ROCKY MOUNTAIN WATER MAY 2019 | 31
Ten Attributes of Effectively Managed Utilities
• Community Sustainability
• Customer Satisfaction
• Employee and Leadership Development
• Enterprise Resiliency
• Financial Viability
• Infrastructure Strategy and Performance
• Operational Optimization
• Product Quality
• Stakeholder Understanding and Support
• Water Resource Sustainability
SOURCE: USEPA, 2017
• Implement career counseling, leadership, and skill training
programs to respond to the new set of required utility skills.
• Develop and implement apprenticeship programs.
As mentioned previously, USEPA and several water sector
organizations (including AWWA and WEF) developed and
launched the EUM framework in 2008 and released the EUM
Primer, the go-to handbook of the EUM program. The two
core components of the framework are the Ten Attributes of
Effectively Managed Utilities and the Five Keys to Management
Success (see sidebars above).
Workforce issues have always been part of the EUM framework,
both as one of the attributes—Employee and Leadership
Development—and again as one of the keys in Knowledge
Management. It’s not by accident that the definition of
the Employee and Leadership Development Attribute— that
is, the practices that high-achieving and effective utilities
exhibit— mirror some of the most pressing challenges facing
utilities. Said another way, implement the following practices
at a high level and your workforce issues will be well
addressed (and on the way to being solved).
• Recruit, develop and retain a workforce that is competent,
motivated, adaptive, and safety-focused.
• Establish a participatory, collaborative organization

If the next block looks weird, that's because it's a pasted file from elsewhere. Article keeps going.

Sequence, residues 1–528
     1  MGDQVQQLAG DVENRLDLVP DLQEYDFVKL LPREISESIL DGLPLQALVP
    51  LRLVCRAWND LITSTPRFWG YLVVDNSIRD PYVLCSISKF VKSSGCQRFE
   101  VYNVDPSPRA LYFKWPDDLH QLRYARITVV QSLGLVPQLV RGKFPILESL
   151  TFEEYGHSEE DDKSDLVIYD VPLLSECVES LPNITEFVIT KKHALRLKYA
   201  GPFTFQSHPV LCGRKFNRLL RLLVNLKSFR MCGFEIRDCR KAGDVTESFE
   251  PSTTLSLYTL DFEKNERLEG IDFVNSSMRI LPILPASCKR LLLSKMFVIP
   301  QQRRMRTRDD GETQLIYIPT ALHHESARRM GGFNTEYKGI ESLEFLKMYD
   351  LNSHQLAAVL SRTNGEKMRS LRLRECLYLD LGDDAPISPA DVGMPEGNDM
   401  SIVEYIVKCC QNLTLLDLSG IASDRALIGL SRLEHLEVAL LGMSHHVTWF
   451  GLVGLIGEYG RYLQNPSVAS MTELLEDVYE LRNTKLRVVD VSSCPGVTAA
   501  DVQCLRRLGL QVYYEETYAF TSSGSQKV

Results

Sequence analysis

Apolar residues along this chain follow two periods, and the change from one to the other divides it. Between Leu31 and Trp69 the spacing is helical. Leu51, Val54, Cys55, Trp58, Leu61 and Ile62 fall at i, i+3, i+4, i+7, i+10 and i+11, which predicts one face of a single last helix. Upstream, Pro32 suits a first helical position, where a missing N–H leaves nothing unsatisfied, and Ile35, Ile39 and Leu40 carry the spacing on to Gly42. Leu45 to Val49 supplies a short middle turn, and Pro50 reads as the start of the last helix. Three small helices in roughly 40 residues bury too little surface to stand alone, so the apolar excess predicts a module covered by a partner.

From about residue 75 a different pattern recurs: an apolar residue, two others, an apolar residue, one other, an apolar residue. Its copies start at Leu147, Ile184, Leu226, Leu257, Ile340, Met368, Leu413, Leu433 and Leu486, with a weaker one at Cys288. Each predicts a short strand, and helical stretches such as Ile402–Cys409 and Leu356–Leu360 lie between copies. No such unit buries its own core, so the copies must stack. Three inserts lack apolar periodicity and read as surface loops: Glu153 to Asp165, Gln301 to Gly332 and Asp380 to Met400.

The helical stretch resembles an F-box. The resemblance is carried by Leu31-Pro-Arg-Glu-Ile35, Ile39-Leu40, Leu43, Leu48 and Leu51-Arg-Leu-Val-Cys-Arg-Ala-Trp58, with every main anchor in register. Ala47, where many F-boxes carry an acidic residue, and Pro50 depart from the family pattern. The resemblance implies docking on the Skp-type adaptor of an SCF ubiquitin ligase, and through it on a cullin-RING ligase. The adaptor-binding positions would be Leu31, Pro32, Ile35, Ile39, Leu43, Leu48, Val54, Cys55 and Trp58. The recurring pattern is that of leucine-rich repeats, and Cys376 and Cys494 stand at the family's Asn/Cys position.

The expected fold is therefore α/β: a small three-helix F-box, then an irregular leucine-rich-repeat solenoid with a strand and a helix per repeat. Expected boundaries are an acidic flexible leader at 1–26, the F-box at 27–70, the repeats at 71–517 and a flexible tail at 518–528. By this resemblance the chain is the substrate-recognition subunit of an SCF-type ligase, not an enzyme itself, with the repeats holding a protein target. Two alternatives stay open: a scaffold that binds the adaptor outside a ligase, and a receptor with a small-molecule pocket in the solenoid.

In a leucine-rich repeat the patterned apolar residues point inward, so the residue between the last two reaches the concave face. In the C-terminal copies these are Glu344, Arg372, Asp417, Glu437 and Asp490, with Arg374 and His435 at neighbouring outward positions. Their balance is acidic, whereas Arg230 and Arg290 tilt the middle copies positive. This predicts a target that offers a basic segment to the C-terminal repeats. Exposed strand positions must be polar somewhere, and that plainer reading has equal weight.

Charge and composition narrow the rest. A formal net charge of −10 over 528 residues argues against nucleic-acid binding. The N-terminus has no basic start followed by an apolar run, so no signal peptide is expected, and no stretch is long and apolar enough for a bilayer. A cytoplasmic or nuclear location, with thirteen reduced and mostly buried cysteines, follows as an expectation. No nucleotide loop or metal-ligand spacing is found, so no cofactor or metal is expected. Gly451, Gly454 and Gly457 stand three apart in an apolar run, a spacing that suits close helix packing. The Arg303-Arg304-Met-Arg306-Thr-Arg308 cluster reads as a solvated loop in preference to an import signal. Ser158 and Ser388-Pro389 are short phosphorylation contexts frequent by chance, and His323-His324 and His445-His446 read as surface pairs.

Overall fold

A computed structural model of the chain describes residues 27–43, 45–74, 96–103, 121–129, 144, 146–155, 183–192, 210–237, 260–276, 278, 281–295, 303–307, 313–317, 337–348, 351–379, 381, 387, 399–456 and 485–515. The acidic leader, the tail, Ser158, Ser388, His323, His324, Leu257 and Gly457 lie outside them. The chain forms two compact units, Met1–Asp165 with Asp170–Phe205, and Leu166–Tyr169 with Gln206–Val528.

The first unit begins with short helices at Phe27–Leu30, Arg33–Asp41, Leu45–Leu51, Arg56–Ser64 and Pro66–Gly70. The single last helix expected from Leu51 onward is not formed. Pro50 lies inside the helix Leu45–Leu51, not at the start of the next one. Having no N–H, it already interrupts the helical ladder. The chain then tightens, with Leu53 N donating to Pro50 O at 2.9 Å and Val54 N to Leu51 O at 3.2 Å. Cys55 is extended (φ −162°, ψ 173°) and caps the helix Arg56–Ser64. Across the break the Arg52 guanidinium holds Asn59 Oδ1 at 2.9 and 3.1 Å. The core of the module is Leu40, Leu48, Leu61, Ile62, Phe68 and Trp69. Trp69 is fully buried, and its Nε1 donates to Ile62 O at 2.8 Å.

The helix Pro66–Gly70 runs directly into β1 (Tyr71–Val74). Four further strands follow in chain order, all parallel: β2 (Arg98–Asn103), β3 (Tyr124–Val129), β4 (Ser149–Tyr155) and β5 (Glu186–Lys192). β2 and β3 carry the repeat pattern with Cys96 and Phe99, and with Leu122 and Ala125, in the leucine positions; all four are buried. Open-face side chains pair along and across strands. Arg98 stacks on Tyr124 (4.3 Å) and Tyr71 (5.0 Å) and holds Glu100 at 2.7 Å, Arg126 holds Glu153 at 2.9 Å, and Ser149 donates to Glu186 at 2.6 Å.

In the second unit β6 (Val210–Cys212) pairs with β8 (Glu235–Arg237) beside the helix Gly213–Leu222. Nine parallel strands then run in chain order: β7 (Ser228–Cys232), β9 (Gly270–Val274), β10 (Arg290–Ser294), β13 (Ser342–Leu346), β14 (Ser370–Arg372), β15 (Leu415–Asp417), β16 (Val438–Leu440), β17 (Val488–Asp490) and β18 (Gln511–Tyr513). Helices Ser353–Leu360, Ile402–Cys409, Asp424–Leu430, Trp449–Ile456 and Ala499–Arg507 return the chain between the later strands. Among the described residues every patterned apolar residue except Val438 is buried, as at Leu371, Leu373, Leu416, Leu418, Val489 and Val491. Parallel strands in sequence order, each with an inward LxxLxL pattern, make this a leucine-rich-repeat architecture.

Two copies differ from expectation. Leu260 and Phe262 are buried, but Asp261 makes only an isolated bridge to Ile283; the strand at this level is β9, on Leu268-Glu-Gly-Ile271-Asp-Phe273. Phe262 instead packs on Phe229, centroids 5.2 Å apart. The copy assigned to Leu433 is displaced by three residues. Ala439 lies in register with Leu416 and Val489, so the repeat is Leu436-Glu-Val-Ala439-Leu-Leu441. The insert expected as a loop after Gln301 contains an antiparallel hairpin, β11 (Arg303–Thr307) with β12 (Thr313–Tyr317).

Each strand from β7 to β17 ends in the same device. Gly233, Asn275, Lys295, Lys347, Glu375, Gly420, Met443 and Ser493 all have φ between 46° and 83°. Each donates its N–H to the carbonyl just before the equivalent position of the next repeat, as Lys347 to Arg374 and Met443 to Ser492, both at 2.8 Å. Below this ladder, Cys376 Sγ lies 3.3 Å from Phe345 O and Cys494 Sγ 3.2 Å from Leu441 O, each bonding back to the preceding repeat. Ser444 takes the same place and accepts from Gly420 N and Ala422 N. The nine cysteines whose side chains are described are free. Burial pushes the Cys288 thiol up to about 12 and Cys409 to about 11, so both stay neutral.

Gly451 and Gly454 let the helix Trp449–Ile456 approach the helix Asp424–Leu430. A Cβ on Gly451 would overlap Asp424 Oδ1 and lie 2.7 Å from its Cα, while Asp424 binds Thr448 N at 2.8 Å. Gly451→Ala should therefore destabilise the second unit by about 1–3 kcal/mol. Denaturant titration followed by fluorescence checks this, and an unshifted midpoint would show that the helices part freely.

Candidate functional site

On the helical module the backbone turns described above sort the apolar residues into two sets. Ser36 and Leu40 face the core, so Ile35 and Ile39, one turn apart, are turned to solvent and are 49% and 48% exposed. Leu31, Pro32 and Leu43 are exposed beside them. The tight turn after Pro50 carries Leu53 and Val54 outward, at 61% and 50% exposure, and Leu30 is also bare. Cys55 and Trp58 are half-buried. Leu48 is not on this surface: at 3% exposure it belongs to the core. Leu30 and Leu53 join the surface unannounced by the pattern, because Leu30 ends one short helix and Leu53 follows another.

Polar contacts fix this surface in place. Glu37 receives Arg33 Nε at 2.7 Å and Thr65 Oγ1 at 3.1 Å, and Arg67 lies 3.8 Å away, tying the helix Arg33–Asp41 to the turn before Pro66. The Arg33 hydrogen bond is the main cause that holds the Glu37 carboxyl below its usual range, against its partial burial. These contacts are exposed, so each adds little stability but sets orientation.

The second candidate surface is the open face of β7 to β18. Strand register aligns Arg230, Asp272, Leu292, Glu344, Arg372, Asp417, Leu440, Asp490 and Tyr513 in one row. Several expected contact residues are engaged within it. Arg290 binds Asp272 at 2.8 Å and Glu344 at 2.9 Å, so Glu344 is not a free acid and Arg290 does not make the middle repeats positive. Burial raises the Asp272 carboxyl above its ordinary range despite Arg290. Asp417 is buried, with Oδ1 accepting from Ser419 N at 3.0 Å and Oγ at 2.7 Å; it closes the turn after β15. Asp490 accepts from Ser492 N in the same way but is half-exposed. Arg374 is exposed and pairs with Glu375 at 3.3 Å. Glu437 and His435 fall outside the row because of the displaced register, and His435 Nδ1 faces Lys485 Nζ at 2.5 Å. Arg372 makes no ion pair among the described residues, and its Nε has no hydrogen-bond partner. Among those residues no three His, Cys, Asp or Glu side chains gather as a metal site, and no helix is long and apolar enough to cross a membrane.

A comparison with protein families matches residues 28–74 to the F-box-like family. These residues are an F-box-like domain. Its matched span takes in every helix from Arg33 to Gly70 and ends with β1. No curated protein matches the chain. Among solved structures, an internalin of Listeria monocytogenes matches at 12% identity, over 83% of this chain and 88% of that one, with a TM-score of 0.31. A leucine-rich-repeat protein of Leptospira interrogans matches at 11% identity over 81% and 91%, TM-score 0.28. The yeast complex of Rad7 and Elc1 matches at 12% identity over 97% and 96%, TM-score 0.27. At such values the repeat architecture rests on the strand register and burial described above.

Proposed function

dedicated to continual learning, improvement, and
Five Keys to Management Success
2. Strategic Business Planning
3. Knowledge Management
5. Continual Improvement
SOURCE: USEPA, 2017
• Ensure employee institutional knowledge is retained,
transferred, and improved upon over time.
• Provide a focus on and emphasize opportunities for
professional and leadership development, taking into
account the differing needs and expectations of a
multi-generational workforce and for resource recovery
• Establish an integrated and well-coordinated senior leadership
What are we doing about it?
Fast forward to the present. In its 15th annual State of the
Water Industry (SOTWI) report, AWWA reported that
“workforce issues” was one of the top-10 issues that survey
respondents identified as “critically important” (Murphy,
This is important for two reasons. First, workforce issues
has not been in the top 10 in the SOTWI for several years.
Beginning around the turn of the millennium and well into
the middle and latter half of the 2000s, workforce issues
emerged and became a steady part of the dialogue in utility
management circles. But then 2008 happened (and 2009,
2010, and 2011), and those about to leave the workforce
stayed as their 401(k)s shrank and their retirement plans got
postponed, and the focus on issues swung heavily to infrastructure,
finances, water supply, and regulations.
With the return of a healthier economy, the long-predicted
and much-awaited departure has commenced and along with
the top five or six recurring issues, “aging workforce/anticipat